The most prolonged and troubled transition in India’s regional neighbourhood has been in Nepal. New Delhi’s role in this transition also marks one of the biggest failures of Indian foreign policy in the recent years. In part, Kathmandu’s problem has been one that it shares with other relatively small countries: the tendency of having a difficult time acknowledging and designing for ethno-cultural diversity. Sri Lanka is another South Asian example of this tendency. However, Nepal’s protracted transition, particularly its constitution-making travails, also highlight the difficulties of framing a constitution in an era of mass politics and intrusive mass media. The Madhesi problem is likely to remain unresolved through 2016, with continuing negative spill-over effects on India. Given India’s organic ethno-cultural and ecological linkages with Nepal, this is unfortunate but unavoidable.
Brazil – India’s new partner in the BRICS and other ventures – is experiencing a year of Olympian discontent. The economy is shrinking as the recession cuts deep: a negative growth rate of 3.9 per cent is expected in 2016, albeit it could be as severe as 6 per cent. The world still expects Brazilians to rally around and throw a big party when the Olympic Games begin in Rio de Janeiro in mid-2016. However, these days, the mood in Brazil is particularly grim. Investigations of corruption in Petrobras, the massive state-owned energy company, have led to prosecutions and indictments that have now reached the highest levels of government. The speaker of the Chamber of Deputies in Congress has been indicted for corruption. Shockingly, corruption charges have now tainted former Brazilian President Luiz Inácio Lula da Silva, the patron saint of the Brazilian left and mentor of incumbent President Dilma Rousseff. Calls for Rousseff’s resignation are increasing and there are moves to begin impeachment proceedings in Congress. Rousseff’s impeachment is unlikely as she still has the support of most Workers Party (PT) and Party of the Brazilian Democratic Movement (PMDB) legislators. However, it is sobering to consider the possibility that the Rousseff administration is de facto at an end and will limp on as a lame duck till 2018. Most worryingly, the possibility of massive public unrest on ideological right-left lines cannot be discounted.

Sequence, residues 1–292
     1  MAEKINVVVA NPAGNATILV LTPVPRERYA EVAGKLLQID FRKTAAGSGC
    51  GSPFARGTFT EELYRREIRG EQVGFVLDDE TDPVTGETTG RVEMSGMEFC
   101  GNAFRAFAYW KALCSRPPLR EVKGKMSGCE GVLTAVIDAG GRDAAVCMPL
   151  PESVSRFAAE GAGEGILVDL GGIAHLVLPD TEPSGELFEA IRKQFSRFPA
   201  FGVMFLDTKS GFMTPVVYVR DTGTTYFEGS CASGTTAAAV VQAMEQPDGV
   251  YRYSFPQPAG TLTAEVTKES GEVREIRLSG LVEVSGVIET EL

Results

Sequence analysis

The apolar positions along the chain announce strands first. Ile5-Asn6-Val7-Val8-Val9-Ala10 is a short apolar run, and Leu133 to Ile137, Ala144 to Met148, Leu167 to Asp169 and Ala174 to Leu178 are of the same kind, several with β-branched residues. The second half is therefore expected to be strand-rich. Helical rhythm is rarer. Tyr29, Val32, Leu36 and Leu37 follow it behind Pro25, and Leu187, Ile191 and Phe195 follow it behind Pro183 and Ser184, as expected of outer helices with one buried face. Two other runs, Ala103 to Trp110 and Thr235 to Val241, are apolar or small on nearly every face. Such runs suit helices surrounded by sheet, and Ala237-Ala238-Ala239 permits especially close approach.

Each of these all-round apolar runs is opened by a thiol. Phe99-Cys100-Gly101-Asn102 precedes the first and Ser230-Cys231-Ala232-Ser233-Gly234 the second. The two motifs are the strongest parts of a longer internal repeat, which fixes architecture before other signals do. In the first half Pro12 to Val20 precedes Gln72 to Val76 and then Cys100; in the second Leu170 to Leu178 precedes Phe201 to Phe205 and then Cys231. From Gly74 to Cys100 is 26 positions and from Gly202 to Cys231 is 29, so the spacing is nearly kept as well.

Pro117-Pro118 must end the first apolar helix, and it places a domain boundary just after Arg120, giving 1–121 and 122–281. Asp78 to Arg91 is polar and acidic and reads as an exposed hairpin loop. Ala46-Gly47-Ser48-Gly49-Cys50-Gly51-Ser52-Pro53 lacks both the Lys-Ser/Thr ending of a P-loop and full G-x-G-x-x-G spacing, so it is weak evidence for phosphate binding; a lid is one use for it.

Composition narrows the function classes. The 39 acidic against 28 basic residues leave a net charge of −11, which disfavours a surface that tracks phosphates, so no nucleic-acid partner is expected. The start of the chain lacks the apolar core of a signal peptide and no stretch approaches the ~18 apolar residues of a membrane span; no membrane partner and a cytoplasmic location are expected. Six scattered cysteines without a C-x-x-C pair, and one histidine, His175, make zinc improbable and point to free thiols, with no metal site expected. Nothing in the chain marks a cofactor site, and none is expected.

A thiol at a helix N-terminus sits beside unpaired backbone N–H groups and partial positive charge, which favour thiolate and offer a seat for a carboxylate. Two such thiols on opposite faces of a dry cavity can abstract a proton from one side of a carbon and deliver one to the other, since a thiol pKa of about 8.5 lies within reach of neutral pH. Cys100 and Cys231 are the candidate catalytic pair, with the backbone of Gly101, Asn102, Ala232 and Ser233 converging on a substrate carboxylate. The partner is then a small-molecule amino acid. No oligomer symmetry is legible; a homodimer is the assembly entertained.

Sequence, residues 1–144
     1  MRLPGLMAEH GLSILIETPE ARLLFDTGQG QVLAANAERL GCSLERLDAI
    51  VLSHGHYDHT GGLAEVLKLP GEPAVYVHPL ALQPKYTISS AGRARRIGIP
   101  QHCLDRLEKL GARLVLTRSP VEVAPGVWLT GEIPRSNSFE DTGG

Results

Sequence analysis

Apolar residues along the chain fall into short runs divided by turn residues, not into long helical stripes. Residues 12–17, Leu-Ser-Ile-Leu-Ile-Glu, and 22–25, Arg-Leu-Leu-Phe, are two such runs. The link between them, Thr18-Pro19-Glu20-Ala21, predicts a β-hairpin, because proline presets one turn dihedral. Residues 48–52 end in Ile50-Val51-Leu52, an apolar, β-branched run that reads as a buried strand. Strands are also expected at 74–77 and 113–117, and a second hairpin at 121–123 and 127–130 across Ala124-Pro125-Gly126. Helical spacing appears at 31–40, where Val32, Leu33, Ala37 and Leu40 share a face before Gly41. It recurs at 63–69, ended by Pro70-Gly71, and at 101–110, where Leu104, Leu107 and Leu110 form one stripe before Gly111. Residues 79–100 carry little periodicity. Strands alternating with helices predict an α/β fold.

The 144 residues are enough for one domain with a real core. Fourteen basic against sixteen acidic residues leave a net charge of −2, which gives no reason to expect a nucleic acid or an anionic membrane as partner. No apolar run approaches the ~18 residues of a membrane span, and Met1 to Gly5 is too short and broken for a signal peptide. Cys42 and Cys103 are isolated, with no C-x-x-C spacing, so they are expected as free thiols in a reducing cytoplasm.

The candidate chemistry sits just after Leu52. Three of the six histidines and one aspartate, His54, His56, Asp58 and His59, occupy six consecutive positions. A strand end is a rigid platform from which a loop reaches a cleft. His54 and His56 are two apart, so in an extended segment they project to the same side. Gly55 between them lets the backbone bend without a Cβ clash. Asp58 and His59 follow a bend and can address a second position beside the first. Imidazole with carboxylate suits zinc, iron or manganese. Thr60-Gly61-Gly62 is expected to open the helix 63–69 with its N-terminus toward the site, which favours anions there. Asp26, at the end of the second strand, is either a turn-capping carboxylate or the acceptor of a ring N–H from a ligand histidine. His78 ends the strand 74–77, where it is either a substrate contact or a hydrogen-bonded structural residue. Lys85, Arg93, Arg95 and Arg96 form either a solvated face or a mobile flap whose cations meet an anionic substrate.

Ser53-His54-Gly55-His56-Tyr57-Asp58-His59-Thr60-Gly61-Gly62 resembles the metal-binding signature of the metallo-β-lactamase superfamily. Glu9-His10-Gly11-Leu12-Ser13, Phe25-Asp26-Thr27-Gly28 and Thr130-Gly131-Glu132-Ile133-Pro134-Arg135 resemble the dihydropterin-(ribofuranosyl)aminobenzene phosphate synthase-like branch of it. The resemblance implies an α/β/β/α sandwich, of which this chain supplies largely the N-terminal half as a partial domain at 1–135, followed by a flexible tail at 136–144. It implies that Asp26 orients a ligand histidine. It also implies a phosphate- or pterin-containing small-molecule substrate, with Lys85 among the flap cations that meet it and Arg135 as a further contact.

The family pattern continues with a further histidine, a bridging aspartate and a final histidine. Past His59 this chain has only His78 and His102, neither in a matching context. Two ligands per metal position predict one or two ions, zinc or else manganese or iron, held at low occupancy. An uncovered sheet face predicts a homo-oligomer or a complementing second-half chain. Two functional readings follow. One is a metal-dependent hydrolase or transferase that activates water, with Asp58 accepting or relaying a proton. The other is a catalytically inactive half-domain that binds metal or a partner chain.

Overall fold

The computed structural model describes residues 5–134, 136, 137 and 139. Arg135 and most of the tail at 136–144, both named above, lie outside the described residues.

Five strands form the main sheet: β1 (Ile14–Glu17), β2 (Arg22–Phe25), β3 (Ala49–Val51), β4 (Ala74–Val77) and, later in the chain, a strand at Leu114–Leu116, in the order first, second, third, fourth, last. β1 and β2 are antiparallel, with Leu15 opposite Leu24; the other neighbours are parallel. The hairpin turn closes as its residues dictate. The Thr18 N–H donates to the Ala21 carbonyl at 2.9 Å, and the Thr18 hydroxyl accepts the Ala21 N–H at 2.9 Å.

In this analysis of key transitions, situations of stasis have obviously been ignored. However, some cases of supposed stability should also be problematised. For instance, it is unclear as to how long incumbent Bangladeshi Prime Minister Sheikh Hasina and her Awami League party will be able to marginalise their longstanding traditional rivals, Khaleda Zia and the Bangladesh Nationalist Party, or continue the process of retributive justice against the perpetrators of the 1971 independence war genocide. Likewise, although he still seems to be firmly in the driving seat in Russia, in 2016, some searching questions will be asked about President Vladimir Putin’s staying power.